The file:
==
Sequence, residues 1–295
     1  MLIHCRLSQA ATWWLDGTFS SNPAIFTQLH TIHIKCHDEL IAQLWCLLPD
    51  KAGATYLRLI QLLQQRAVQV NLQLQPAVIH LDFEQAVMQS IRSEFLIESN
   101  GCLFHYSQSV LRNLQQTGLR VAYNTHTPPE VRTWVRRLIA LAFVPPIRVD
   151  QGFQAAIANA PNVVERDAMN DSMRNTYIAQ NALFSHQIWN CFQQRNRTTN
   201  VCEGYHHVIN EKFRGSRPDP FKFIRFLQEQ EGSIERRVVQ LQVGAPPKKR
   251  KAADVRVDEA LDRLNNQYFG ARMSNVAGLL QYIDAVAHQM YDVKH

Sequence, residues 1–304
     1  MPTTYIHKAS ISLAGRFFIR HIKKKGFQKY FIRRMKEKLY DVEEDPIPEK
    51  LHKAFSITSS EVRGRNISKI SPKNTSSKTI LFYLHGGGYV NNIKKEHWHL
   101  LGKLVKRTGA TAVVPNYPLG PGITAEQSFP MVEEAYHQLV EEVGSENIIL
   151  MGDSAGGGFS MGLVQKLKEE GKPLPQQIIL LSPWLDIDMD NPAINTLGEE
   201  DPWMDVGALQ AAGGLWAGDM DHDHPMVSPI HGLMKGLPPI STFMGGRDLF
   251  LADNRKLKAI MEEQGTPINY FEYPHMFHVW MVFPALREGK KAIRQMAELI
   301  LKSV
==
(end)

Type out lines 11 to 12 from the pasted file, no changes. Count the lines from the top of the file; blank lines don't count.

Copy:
   101  LGKLVKRTGA TAVVPNYPLG PGITAEQSFP MVEEAYHQLV EEVGSENIIL
   151  MGDSAGGGFS MGLVQKLKEE GKPLPQQIIL LSPWLDIDMD NPAINTLGEE